India defeat Pakistan to make final

Asad Shafiq was bowled by Yuvraj Singh

By Suneer Chowdhary

 

Mohali: Mar 30, 2011

 

The Mohali semi-final was not your most authentic definition of going down to the wire, nor was it a game with high-quality cricket from either team. However, when it came to the crunch situations, the Indian bowlers held their nerves much better than their Pakistani counterparts to guide the side to a convincing 29-run win.

 

The semi-final was a tale of six dropped catches from Pakistan some curious tactics from both sides like the exclusion of R Ashwin at the start of the game, the batting of Misbah ul Haq and Younis Khan, a Batting Powerplay that Pakistan pushed till the very end despite the mounting asking rate.

 

Pakistan started their chase of 261 off in a manner that they needed to given the hardness of the ball. Zaheer Khan was smacked for a couple of fours in his first over and went for another eight in his second over as the Pakistanis raced off to 28 without loss in five overs.

 

Munaf Patel was immediately brought into the attack but 11 came off his first two overs as well as Pakistan looked good with 43 on the board at the end of the eighth over.

 

The problems for the Pakistanis started when Zaheer Khan was called back for his second spell and got rid of Kamran Akmal. Having done his job, Dhoni replaced him with a spin-pace combination on a track that had begun to get slower with every passing over.

 

Patel’s first four overs cost him 24 runs but the fall of the wicket meant that Asad Shafiq took his time to get set on the crease. Then, to get his confidence going, the equally confident Hafeez imploded into playing a stroke that would have given the Misbah ul Haq stroke of the final of 2007 World T20 to get out, a run for its money. He tried to scoop it and could only manage an edge and was caught by Dhoni.

 

Tightening the screws further was the batting of Younis Khan who failed to get the ball off the square. He failed to hit any boundary even as the pair of Harbhajan Singh and Yuvraj Singh began their throttle-act.

 

Yuvraj had Shafiq bowled for 30 and then, in the next over ended Younis’ misery at the crease for 13 (32 balls) to push Pakistan back to 106 for 4 in 26 overs.

 

At this stage Pakistan seemed like they were going down in a hurry given the lack of intent that any of the batsmen had shown after the Powerplay overs ended. This attitude changed with the striding out of Umar Akmal to the crease. Akmal looked to have come out with a will to target Yuvraj and he did that with aplomb.

 

Thanks mainly to Akmal – and Misbah ul Haq – 26 runs came off Yuvraj’s three overs that he was there at the crease but Dhoni was wise to switch him with Harbhajan Singh. And much to the Pakistani dismay, it took all of one delivery for Harbhajan to send Akmal on his way back to where he had come from.

 

Abdul Razzaq soon came and went but Pakistan’s main problem by now was that Misbah had used up too many deliveries without getting the kind of traction that his team would have needed from him.

 

When Razzaq left, Misbah had 11 runs off 34 deliveries and by the time he had hit his first boundary, he had made only 17 off 42. That, in the end proved to be a crucial phase of the innings where someone like Umar or even his brother Kamran could have just been the difference. And not that the boundary that Misbah hit made him change his game-plan till the very end either!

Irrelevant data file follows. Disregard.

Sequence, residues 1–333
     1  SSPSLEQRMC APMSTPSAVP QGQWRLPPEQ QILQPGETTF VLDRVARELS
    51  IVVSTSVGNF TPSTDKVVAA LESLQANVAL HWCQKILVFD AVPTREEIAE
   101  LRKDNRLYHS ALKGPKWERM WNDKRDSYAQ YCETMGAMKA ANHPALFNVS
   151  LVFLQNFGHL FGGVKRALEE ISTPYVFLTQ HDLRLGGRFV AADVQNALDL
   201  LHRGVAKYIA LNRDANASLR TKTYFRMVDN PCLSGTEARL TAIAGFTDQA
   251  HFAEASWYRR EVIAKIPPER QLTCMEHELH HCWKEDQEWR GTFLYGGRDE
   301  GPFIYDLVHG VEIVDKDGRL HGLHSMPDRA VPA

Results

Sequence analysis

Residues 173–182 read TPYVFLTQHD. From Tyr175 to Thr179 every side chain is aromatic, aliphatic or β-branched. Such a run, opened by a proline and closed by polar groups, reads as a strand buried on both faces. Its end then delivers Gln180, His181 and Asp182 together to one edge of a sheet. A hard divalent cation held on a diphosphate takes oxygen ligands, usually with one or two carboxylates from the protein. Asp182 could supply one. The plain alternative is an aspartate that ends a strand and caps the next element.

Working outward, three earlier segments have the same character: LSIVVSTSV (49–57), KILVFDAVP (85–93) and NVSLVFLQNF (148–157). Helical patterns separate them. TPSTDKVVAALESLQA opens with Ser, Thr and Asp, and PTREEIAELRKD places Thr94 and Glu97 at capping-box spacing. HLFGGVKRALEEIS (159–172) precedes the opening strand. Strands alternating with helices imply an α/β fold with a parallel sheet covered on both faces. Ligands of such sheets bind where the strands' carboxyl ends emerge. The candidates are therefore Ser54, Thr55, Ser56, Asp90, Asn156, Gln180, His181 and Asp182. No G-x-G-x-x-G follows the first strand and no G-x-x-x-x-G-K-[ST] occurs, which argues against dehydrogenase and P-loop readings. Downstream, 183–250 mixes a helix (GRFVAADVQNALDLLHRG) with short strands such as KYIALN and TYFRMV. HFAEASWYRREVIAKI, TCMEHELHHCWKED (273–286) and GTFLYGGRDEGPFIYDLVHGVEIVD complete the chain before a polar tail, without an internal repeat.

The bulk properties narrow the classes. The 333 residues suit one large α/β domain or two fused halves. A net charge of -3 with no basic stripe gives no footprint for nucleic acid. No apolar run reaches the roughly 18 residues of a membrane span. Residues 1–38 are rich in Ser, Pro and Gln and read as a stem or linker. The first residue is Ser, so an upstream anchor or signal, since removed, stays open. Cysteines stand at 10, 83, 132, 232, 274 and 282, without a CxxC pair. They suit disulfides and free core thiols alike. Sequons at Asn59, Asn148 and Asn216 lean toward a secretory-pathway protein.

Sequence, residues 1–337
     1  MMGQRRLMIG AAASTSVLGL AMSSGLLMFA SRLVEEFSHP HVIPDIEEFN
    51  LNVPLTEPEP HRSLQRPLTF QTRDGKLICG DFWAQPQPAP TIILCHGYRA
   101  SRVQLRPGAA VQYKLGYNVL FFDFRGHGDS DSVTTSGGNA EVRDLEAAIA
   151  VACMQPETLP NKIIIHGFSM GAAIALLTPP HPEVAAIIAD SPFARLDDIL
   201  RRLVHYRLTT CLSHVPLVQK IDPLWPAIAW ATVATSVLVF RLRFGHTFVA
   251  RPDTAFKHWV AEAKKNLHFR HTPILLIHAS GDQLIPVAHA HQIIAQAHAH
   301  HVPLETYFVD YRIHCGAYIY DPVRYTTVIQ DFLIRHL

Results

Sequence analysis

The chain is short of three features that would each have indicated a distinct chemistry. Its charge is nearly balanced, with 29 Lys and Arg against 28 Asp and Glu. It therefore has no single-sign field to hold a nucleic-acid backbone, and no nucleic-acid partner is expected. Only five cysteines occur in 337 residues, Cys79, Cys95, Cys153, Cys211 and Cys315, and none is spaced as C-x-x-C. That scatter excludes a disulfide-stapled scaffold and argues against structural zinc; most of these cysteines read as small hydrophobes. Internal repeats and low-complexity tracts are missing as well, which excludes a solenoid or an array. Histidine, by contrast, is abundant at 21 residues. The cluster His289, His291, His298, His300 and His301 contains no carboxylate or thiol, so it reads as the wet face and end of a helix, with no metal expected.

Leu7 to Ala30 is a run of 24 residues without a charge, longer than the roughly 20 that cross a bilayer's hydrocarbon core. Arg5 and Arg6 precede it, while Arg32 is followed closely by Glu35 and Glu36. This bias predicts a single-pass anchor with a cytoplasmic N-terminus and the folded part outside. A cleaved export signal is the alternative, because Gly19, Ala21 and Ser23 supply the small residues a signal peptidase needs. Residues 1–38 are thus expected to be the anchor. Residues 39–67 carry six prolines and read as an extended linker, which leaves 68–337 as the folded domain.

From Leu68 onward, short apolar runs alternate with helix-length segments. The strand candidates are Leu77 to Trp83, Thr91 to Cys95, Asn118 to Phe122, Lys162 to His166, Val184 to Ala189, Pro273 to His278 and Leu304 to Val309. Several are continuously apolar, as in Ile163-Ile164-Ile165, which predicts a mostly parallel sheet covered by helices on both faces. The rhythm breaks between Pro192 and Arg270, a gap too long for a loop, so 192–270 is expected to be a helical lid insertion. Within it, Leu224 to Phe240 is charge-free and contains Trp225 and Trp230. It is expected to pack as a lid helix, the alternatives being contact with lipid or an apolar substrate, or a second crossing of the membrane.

Shahid Afridi was Pakistan’s last hope to get the asking rate – which by then had touched nine – down but after facing 16 balls for 19, he gave up his pretensions of being a capable batsman, tried to slay Harbhajan to the fence but only ended up affording Sehwag a sitter.

 

Pakistan’s 184 for 7 and with only eight overs remaining on a wearing track with a batsman seemingly battling to save the last day of a Test match were never the right ingredients for a semi-final win and India marched into their third final of the ICC World Cup.

 

Virender Sehwag’s innings at the top of the innings was probably the difference between the two sides for most part of the game. The track did not behave as easy as it was deemed to when Sehwag batted and took Umar Gul apart. Sehwag smashed five boundaries in Gul’s second over and India were 48 before the fifth over was in progress.

 

Sehwag departed soon after – giving Riaz the first of his five wickets – and Tendulkar struggled through most part of his near-hundred. In what was Tendulkar’s most scratchy innings in recent times, he was dropped four times, apart from being lucky to survive an lbw and a stumping before he got to his 85. By the time Afridi had pouched one from him, the Indians were 187 for five in 37 overs, having lost four wickets for 81 runs in more than 18 overs and the perceived total of 300 looked like a distant dream from another match.

 

None of the Indian batsmen apart from the aforementioned pair and Suresh Raina (36*) towards the end, got to even 30 and India struggled to 260 for nine in their 50 overs. That the track had become a tad difficult to bat on to couple with the fact that the Pakistani spinners and Riaz bowled rather well showed in the last 10 overs where they scored only 60 runs. And of course, by the way that the Pakistanis batted after the ball had lost its shine.

 

Brief Scores: India 260 for 9 in 50 overs (Sachin Tendulkar 85, Virender Sehwag 38, Suresh Raina 36*; Wahab Riaz 5 for 46, Saeed Ajmal 2 for 44) bt Pakistan 231 all out in 49.5 overs (Misbah-ul-Haq 56, Mohammad Hafeez 43, Asad Shafiq 30; Ashish Nehra 2 for 33, Munaf Patel 2 for 40, Harbhajan Singh 2 for 43, Yuvraj Singh 2 for 57, Zaheer Khan 2 for 58) by 29 runs.

 

Man of the Match: Sachin Tendulkar


(Suneer is a Mumbai-based cricket writer and can be contacted at suneerchowdhary@gmail.com and Tweets here @suneerchowdhary)

 

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